The U.S. economy added 235,000 jobs in February and the nation’s unemployment rate edged down to 4.7 percent, the Labor Department reported today.
The government said job gains occurred in construction, private educational services, manufacturing, health care and mining.
Reuters said the robust pace of hiring topped expectations. The government said average hourly earnings climbed 6 cents, or 0.2 percent, to $26.09, in February after a 5-cent increase in January. Year over year, earnings have risen by 71 cents, or 2.8 percent.
Taken together, the job and wage growth could prompt the Federal Reserve to raise interest rates at its March 14-15 meeting.
"By any measure this report is consistent with an exceedingly healthy labor backdrop and, I think more critically, it's a number that will embolden the Fed to raise rates in March," Tom Porcelli, chief U.S. economist at RBC Capital Markets in New York, told Reuters.
Economists that Reuters polled had predicted an increase of 190,000 jobs in February. The median forecast in a Bloomberg survey was for a gain of 200,000.
The government revised the job totals for the two previous months to show a net increase of 9,000 from the initial reports. The December total was revised downward from 157,000 to 155,000, but the January total was revised upward from 227,000 to 238,000.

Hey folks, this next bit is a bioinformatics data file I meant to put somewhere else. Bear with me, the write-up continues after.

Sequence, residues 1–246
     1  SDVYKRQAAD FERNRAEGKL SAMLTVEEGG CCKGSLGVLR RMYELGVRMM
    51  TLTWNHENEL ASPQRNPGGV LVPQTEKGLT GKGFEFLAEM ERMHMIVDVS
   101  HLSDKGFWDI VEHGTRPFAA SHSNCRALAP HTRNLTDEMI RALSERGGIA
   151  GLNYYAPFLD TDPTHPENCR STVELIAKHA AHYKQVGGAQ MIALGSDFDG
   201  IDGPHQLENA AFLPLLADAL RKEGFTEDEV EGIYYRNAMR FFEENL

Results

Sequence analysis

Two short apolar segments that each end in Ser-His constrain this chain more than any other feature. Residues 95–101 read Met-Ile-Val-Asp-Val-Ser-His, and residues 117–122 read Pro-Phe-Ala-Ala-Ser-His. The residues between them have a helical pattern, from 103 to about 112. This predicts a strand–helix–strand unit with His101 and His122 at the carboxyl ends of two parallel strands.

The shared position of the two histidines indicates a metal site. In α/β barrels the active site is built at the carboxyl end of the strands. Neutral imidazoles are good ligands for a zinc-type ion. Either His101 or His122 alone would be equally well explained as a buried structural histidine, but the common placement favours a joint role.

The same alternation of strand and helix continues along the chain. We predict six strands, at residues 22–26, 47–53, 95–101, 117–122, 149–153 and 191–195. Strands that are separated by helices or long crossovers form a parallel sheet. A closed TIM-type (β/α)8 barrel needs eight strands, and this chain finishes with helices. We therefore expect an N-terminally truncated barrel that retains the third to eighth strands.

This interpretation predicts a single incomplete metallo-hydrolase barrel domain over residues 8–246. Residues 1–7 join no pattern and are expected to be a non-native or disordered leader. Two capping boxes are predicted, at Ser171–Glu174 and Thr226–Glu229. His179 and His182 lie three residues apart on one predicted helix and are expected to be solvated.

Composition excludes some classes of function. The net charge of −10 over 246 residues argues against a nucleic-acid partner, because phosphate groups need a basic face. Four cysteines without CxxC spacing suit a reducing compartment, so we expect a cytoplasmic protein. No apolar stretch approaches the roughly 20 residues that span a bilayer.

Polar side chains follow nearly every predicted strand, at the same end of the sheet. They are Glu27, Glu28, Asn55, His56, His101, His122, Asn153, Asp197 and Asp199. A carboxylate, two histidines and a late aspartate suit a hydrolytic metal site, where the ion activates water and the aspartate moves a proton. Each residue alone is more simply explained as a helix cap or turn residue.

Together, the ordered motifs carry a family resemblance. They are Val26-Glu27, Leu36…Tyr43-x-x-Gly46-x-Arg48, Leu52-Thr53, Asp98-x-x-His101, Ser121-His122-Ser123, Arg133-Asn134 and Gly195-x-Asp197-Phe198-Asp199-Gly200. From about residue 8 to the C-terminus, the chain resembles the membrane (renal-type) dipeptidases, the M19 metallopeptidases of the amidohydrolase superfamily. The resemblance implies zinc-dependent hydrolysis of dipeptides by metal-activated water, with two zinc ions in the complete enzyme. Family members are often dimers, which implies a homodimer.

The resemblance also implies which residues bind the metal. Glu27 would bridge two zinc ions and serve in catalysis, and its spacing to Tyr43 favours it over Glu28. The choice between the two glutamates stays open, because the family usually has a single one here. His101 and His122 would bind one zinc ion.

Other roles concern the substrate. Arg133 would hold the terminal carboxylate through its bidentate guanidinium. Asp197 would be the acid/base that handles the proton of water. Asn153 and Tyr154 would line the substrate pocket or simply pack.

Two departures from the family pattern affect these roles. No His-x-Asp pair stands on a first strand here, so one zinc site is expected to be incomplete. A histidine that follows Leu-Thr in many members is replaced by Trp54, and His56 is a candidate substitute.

Job gains have averaged 209,000 a month during the past three months.
The government said the number of long-term unemployed (those jobless for 27 weeks or more) was essentially unchanged, at 1.8 million, in February and accounted for 23.8 percent of the unemployed. During the past year, the number of long-term unemployed was down by 358,000.
The government said the number of people employed part time for economic reasons (sometimes referred to as involuntary part-time workers) was little changed, at 5.7 million, in February. Those people, who would have preferred full-time employment, were working part time because their hours had been cut or they were unable to find full-time jobs. In February, 1.7 million people were marginally attached to the labor force, little different from a year earlier. (The data are not seasonally adjusted.) Those people were not in the labor force, wanted and were available for work and had looked for a job at some time during the previous 12 months. They were not counted as unemployed because they had not searched for work during the four weeks that preceded the survey.